By Duncan Bech, PA England Rugby Correspondent
Owen Farrell insists Saracens return to the Gallagher Premiership final with more strings to their bow as a result of last year’s Twickenham heartache.
Leicester were crowned champions at Saracens’ expense and although it was a narrow 15-12 defeat, a disappointing performance prompted a tactical rethink that has produced greater emphasis on attack.
Now they face the ultimate test of their progress in the winner-takes-all clash with Sale on Saturday.
🐺 𝗧𝗘𝗔𝗠’𝗦 𝗨𝗣 🚨
1️⃣ change from semi-final XV.
🇫🇯 Mawi starts at loosehead.
🔙 @aled009 returns to bench.
It’s nearly time for the #GallagherPremFinal 🤩
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“It took us a while to figure out how to get the best out of ourselves after last year’s final because we didn’t do that in that game,” Farrell said.
“What happened probably allowed us to change a bit more than we usually would after a final. It got us looking at ourselves a bit more than usual.
“Just simply because we were nowhere near our best and we didn’t give the best version of ourselves.
“Obviously Leicester played a massive part in that, but we don’t want to come off the field feeling like that again. That 80 minutes made us look at everything and look at how we can be better.
Clash of the heavyweights 🤜🤛
They’ve been the top 2 all season, but who of @Saracens and @SaleSharksRugby will take home the crown? 👑 #GallagherPremFinal pic.twitter.com/IPEZg8TPv5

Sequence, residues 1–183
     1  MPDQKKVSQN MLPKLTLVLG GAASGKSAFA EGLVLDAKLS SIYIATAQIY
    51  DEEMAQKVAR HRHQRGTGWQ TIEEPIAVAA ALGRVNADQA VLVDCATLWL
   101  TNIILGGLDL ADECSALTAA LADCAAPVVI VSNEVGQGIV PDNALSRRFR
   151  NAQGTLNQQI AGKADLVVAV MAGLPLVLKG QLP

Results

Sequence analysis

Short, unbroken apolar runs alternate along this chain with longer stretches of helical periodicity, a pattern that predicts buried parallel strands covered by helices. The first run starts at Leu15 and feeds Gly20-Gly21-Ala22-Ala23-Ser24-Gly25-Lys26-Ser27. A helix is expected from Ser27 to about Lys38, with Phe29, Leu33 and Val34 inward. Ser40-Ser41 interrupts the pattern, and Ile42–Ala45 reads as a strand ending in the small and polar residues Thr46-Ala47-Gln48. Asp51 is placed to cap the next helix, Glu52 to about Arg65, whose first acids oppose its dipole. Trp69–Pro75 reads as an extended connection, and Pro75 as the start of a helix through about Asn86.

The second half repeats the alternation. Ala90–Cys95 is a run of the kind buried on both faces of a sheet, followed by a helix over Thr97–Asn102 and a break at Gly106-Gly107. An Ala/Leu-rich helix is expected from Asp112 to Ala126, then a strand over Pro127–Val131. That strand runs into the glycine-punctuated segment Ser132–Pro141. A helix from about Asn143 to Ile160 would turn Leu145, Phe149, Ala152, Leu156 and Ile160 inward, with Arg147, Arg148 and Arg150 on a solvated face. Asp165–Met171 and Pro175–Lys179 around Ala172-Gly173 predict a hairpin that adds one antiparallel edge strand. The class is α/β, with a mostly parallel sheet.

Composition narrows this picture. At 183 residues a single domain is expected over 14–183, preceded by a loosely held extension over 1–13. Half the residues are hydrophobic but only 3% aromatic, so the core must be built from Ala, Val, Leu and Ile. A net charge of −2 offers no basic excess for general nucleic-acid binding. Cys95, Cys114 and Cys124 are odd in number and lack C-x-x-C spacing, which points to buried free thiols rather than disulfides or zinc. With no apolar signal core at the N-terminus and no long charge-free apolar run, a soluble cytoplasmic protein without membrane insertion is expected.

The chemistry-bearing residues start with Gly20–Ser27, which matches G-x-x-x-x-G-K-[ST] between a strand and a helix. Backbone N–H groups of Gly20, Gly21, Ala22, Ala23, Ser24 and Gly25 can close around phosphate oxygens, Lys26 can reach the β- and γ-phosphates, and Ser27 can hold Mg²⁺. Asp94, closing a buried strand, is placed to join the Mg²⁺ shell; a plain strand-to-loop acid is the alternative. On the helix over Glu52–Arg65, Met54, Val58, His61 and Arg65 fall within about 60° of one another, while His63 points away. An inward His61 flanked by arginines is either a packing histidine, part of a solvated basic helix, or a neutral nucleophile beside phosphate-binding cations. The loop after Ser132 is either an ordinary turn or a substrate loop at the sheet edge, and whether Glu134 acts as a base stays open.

— Premiership Rugby (@premrugby) May 26, 2023
“Everyone talks about us now like we have turned into a team that plays attacking rugby this year alone. We’ve won stuff before playing good rugby.
“We have always had a solid basis behind us and we still have but there were times during the year and sometimes in big pressure games that we were trying to stay in the fight whereas now we want to take opportunities and make good decisions.
“Part of that could be staying in the fight – we want to be good at that – and part of that could be moving the ball. It could be anything – kick pass, run.
“We want to be good enough to play any way the game demands of us and we feel like we have taken a step forward with that this year. Hopefully that plays a big part in what we have do on Saturday.”
A key battle that will shape the contest is Farrell’s fly-half duel with George Ford, his long-term friend and former England team-mate who has been hugely influential for Sale since returning from an Achilles injury.
“I have known George since I was a kid. When you come up against him, first and foremost you know you are playing against a quality player,” Farrell said.
“You know you are playing against someone who knows what they are doing and as he has shown since coming back into the Sale team, he has been outstanding.
“He’s in a good place, he looks calm, he looks in control and I am sure he is a big driver behind this Sale team so I am looking forward to it.”